While the vast majority of the game is phenomenal, the early game is kind of sloppy. It all begins with a coin flip; guess correctly and Zero immediately releases you. Roll credits. Ending unlocked. Again, thematically this is actually pretty brilliant, and it ends up being important to the plot. But 999 and VLR both begin with intense puzzle sections to hammer home the gravity of the situation. Zero Time Dilemma begins with very little tension in that regard. If you follow the pacifist route at first, like me, it takes about two hours until you reach a puzzle room. I honestly worried during those first two hours that there wasn’t any gameplay to be found.
Fortunately, once you do open up the puzzle routes, Zero Time Dilemma becomes a well-blended avalanche of slick cinematics and brain-teasing escapes for the next 20 hours. This grand middle chunk contains all the Zero Escape fare you know and love. Characters will be shot, stabbed, strangled, eviscerated, dissolved, decapitated, burned alive, and blown up quite graphically, often by people they care about. Unassuming firefighters and ice cream clerks will discuss high-concept probability theories, like the Monty Hall Problem, Sleeping Beauty Paradox, and Anthropic Principle. Morality comes under scrutiny as Zero tests our “heroes'” values.
The puzzles themselves are competent as ever. Items, images, and machines cover creepy rooms where everything is significant. The developers strike a good balance between obstacles in the environment itself as well as Professor Layton-esque box puzzles. I will say that the latter could have used a little bit more variation – one room has you complete six sliding-block doodads in a row – but it never distracted. My favorites were the incinerator room (which utilises multiple perspectives), the healing room (which features neat holograms), the study (for the kicking soundtrack and shooting puzzle) and the bomb room (which contains one of the creepiest robots I’ve ever seen).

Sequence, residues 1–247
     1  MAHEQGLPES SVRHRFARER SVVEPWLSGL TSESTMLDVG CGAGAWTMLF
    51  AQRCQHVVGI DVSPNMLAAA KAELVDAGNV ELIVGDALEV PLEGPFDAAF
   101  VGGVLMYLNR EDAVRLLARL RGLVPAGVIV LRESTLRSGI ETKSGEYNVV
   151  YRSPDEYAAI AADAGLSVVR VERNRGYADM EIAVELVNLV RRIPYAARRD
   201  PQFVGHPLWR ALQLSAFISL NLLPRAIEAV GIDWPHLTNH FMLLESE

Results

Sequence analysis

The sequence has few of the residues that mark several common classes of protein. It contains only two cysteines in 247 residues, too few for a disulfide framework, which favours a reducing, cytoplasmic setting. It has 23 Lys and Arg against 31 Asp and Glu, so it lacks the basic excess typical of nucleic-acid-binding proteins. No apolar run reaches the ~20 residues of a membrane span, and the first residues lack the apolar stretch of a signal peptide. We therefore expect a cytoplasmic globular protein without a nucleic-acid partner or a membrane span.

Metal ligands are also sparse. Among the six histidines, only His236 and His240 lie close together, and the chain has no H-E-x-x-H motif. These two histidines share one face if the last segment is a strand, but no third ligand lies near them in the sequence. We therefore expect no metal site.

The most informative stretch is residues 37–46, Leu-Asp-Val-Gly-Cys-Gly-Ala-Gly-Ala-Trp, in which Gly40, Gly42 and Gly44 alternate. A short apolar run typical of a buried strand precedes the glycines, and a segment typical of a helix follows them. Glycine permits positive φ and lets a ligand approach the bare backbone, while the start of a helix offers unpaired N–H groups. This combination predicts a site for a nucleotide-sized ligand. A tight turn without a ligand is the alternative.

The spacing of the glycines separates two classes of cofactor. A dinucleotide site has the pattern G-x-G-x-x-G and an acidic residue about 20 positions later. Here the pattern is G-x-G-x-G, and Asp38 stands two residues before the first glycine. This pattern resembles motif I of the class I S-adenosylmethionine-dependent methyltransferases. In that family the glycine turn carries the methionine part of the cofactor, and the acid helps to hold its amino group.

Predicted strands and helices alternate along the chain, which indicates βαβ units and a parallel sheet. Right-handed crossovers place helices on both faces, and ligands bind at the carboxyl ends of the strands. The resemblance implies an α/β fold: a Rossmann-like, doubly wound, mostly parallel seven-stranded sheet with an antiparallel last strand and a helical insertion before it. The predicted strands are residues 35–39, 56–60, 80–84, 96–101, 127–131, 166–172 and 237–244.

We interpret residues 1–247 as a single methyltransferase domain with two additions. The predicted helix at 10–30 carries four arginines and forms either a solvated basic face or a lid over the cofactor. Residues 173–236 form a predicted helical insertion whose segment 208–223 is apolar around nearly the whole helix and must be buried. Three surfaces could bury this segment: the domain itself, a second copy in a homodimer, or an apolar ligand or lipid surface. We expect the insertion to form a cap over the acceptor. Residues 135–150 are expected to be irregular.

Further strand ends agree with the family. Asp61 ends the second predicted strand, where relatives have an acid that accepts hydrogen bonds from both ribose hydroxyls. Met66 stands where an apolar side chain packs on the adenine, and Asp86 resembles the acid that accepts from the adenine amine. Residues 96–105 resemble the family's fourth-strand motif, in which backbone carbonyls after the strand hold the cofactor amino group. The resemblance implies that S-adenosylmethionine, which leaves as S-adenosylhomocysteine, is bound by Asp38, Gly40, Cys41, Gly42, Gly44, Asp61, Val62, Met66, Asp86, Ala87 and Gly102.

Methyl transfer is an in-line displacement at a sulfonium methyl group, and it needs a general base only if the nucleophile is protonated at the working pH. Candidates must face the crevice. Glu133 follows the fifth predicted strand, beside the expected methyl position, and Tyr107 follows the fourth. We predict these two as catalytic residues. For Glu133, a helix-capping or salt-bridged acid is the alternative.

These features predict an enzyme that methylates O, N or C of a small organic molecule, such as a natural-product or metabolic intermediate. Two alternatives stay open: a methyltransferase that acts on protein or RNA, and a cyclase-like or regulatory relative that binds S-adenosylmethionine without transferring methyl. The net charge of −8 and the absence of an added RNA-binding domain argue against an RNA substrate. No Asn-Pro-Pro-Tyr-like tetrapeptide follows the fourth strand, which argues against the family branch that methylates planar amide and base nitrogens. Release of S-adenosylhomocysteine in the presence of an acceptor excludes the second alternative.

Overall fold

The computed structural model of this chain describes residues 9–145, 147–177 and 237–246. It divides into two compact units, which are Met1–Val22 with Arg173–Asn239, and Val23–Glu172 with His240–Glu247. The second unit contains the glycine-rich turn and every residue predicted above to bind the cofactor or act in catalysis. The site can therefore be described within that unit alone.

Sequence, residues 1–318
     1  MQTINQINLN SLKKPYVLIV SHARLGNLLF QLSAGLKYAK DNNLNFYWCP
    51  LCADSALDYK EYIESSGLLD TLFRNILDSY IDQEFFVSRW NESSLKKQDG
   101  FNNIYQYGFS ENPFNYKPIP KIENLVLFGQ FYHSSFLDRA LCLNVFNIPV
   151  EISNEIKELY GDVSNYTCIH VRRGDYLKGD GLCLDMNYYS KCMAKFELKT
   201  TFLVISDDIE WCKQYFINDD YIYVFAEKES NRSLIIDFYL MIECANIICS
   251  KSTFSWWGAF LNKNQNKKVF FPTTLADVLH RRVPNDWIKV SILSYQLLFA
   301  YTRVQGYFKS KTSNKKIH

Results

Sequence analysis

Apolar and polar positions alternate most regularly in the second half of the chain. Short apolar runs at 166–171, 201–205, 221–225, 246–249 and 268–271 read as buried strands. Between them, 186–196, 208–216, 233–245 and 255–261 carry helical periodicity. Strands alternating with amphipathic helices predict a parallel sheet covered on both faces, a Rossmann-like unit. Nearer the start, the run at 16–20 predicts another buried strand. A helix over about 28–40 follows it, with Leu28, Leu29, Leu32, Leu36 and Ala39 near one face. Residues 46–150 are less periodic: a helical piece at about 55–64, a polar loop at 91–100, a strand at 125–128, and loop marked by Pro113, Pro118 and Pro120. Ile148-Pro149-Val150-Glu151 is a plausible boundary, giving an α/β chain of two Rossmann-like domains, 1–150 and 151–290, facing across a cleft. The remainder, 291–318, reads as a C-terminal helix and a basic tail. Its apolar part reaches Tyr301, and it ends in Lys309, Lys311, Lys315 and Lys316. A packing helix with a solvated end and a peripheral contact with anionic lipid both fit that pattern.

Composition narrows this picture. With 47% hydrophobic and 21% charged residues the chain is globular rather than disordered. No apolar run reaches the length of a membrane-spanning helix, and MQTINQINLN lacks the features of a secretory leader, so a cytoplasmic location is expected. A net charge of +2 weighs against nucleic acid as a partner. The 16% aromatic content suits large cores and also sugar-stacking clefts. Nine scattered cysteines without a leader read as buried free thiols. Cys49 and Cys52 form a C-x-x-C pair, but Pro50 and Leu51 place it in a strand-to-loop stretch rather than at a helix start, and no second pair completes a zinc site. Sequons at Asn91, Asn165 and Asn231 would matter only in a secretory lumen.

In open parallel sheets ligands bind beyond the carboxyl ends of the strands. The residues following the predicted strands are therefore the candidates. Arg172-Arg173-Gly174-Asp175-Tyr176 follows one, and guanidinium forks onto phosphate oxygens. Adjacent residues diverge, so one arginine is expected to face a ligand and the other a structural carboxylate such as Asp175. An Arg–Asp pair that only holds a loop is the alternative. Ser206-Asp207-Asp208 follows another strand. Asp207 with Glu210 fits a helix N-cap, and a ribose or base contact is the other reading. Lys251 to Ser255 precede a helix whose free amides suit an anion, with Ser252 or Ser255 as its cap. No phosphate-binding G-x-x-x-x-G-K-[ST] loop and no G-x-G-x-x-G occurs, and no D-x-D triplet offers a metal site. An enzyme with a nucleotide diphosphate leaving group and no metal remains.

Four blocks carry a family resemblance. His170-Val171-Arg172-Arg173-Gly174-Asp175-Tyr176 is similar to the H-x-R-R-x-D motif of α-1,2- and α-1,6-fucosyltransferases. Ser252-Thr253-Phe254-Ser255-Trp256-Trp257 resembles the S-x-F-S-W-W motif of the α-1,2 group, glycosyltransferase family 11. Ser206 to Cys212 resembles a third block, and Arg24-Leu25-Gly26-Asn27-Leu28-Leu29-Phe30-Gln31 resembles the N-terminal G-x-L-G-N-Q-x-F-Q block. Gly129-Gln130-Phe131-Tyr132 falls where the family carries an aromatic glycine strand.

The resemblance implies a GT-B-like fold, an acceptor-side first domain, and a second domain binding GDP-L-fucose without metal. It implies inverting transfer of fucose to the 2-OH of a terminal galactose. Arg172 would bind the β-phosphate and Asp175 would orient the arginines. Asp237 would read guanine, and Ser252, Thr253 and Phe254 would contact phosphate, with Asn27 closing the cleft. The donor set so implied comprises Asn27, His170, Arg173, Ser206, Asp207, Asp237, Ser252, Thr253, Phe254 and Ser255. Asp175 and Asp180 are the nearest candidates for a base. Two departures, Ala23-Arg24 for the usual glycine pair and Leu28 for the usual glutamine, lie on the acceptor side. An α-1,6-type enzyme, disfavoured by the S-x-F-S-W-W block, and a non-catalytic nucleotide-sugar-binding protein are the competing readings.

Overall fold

At first I had doubts about the decision to use full cutscenes over the previous games’ static visual novel styles. But Zero Time Dilemma won me over quickly with its presentation and voice acting. You do have to be a bit open-minded about it, though. Yes, many of the cutscenes stick the characters into the same poses, sitting/standing/leaning on the same furniture. And yeah, it’s pretty obvious when the devs didn’t have the time or budget to animate every violent act. But what the visuals may lack in AAA substance, they more than make up for in style. Camera angles and shaky-cams inflate moments of anxiety, while the sharp geometric faces capture extremely animated (if not entirely realistic) flashes of horror and confusion. I’ll admit, I still prefer the sleeker appeal of 999 and VLR. However, for around 20 hours of cutscenes on an obvious budget, I applaud the experiment.
Both the Japanese and English voice casts also deserve proper recognition. Each actor brings their character to life. The emotions they convey are complex and multi-faceted, so their success cannot be understated. Personally, I left the English cast on for the majority of my playthrough. Their voices seemed to match the bodies just a little bit better. However, you have the option to change them on the fly, so if you like one team’s Japanese VAs more than their English VAs (or vice versa) it’s just a button press away.
Aside from strange menu systems and a slow early game, Zero Time Dilemma marks an incredible conclusion to the Zero Escape franchise. Both the puzzles and the plot will give your brain a workout, but give you all the tools necessary to work them out. More importantly though, long after I’ve finished playing, my thoughts have lingered in this game universe. Kotaro Uchikoshi has given us one of the finest gaming trilogies of the 21st century, which has shaped me both as a gamer and a writer. Zero Time Dilemma is a must-play for any fans of the franchise, or indeed for any puzzle game fan.